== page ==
If you are asking about importing VSL expression maps for Cubase, you can find them in the Notation area of the Download section of the VSL web site. In Dorico, you can use the dedicated button in the Expression Maps dialog to import them. You will see that many of the techniques are already assigned to Dorico’s playback/playing techniques.
Something that you will have to immediately replace is the “sustain” technique. Double click on its name, and replace it with Dorico’s Natural playback technique. You will see that other replacement of this type will have to be done. In any case, the programming of each technique is ready for the matching articulations in the presets VSL created for Cubase (you can read more in the included instructions).
If you are asking about my universal VSL preset/map, here is what I did:
- I planned a schema that could include all the articulations of all VSL instruments. There is room for everything: basic techniques available for all the instruments, and particular ones exclusive to woodwinds, brass, solo strings or orchestral strings.
My personal schema places attack types in separate matrices (selected via program change), types of sustain in the matrix’s columns (selected by keyswitches starting from MIDI note #0). My choices are:
- types of attack: sustain, legato, staccato, détaché, fp/sfz/sffz, dyn arcs, pizz./slap, tremolo/ftzg, trills, repetitions [etc. – I’m not at the main Mac now];
- types of sustain: vib, n.v., molto vib./espressivo, prog/dim vib., sul pont, sul tasto, harm, mute, fx.
Most of the matrices have three or four rows, selected by the playing speed or dynamics. Legato has layered rows for normal legato, fast legato, trill legato. fp/sfz/sffz is controlled by velocity values. Some of the cells contain multiple slots, for crossfading (vib. <> n.v, ord. <> sul tasto and the like), or to create combined articulations (for example, sustain+staccato for accent).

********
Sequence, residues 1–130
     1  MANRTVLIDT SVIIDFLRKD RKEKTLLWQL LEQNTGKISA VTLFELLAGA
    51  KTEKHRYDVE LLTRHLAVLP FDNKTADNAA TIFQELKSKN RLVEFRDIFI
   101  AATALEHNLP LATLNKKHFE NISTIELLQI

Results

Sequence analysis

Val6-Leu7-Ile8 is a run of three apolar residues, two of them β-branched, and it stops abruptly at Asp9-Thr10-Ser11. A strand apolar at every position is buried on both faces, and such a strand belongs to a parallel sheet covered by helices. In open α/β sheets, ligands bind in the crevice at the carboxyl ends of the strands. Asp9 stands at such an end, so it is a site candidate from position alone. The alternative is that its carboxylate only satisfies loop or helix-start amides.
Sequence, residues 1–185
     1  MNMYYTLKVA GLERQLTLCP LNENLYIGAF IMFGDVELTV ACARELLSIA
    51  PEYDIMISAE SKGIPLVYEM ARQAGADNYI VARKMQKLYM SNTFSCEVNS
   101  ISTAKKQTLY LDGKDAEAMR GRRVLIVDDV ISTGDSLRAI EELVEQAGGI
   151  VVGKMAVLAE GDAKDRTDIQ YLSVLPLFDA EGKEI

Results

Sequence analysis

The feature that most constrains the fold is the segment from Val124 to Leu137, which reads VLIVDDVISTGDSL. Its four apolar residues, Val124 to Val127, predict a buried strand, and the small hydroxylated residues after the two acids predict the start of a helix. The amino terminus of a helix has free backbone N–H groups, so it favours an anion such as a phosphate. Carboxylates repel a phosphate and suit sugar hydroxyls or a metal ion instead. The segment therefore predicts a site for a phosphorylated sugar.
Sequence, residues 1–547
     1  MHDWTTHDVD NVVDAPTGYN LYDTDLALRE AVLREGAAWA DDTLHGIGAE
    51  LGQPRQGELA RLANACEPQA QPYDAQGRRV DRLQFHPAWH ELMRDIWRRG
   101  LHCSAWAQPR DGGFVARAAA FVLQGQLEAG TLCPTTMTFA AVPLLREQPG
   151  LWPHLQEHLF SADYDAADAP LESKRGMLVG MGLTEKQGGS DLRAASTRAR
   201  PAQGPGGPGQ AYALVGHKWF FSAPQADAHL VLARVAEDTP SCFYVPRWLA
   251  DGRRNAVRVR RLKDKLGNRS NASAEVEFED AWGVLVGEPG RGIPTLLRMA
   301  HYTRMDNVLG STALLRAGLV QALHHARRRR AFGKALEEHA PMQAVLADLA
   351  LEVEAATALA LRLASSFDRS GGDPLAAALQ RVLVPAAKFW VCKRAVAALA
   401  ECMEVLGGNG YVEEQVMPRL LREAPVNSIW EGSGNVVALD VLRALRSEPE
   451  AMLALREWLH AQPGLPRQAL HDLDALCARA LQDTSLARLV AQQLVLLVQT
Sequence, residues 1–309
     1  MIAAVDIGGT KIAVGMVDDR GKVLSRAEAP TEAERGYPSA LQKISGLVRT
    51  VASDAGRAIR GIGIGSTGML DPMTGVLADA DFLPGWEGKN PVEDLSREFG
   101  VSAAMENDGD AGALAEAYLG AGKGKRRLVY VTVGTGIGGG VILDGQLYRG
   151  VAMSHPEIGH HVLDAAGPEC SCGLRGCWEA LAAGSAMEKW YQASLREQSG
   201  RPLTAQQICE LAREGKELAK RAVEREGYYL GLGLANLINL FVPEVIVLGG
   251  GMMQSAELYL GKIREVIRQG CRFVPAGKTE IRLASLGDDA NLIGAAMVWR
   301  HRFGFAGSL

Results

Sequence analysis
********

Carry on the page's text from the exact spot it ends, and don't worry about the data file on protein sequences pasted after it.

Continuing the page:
Some of the matrices have 12 rows, each one selected by the keyswitch velocity value. I use them for different intervals for trills, different dynamic arcs length, progressive number of upbeats or repetitions, and so on.
- Once made a template preset (Solo Violin 1 for strings, and then Flute 1 for woodwinds, or Trumpet in C, are good starting points), I could replicate most of the programming to the other instruments. In Vienna Instrument Pro Standalone you can press Cmd-Opt-W, and replace the beginning of the patch names. For example, “V1_” can become “V14_”, and the patches for Solo Violin 1 will be replaced with those of the Orchestral Violins. There is a lot of additional work to do, but this is a great help.
Mind you: it is a massacring work. If you do it, start with the instruments you will use the most, and gradually add the others.
- At this point, you have a collection of presets based on the same schema. You can create a single expression map for Dorico, and drive all the instruments with this map. Percussion instruments are a different matter, but they are so simple, that you can usually just have a single matrix with a cell for hits and one for rolls.
Using the presets made by VSL for Cubase can avoid the work I described for an “universal” preset/map, but has other disadvantages. First of all, the are countless preset schemas and expression maps. You can have to edit all of them. Then, VSL decided that dynamics had to be controlled by CC2, with CC1 reserved to selecting matrix’s rows. I want CC1 for controlling dynamics (as they are doing with the most recent instruments, at least as an option), and different ways of combining articulations. So, I went for my own solution, that is also easier to maintain.